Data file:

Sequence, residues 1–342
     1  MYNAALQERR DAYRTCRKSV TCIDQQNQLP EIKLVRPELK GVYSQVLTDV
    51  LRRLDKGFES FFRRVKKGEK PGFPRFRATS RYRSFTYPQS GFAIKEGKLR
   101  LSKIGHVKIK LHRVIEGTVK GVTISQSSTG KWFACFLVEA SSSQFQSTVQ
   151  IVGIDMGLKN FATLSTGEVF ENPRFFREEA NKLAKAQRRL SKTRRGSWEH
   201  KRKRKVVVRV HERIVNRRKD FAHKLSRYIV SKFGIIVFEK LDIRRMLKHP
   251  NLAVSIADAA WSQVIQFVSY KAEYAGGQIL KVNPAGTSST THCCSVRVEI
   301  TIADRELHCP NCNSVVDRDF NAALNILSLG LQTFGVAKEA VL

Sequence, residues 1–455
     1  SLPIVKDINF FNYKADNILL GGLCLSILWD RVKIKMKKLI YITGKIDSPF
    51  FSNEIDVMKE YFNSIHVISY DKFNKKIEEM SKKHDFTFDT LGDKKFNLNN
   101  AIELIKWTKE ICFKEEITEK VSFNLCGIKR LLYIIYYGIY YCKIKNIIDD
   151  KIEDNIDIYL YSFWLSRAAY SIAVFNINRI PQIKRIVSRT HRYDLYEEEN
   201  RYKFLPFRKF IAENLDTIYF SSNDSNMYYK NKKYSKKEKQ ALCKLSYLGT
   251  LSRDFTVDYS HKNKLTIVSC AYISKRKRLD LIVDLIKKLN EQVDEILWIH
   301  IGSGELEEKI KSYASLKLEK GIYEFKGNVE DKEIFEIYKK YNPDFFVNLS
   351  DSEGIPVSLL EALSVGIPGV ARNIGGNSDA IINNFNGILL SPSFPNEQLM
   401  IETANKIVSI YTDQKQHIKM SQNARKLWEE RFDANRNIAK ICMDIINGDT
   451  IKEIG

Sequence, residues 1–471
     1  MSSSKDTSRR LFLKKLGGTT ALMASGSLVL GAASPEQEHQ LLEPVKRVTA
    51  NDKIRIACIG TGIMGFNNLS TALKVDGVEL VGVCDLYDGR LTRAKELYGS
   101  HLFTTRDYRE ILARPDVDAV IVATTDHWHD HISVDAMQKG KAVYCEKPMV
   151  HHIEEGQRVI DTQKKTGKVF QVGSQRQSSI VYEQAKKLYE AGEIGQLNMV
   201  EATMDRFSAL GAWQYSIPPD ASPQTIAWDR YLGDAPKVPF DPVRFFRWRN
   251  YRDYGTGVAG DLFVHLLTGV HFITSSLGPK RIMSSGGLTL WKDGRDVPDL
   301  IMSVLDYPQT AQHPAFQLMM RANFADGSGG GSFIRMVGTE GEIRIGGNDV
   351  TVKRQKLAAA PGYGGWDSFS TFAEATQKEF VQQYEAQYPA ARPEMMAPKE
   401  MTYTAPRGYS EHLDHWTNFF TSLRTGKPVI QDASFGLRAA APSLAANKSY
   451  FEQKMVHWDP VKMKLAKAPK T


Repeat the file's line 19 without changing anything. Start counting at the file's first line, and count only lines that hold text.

   451  IKEIG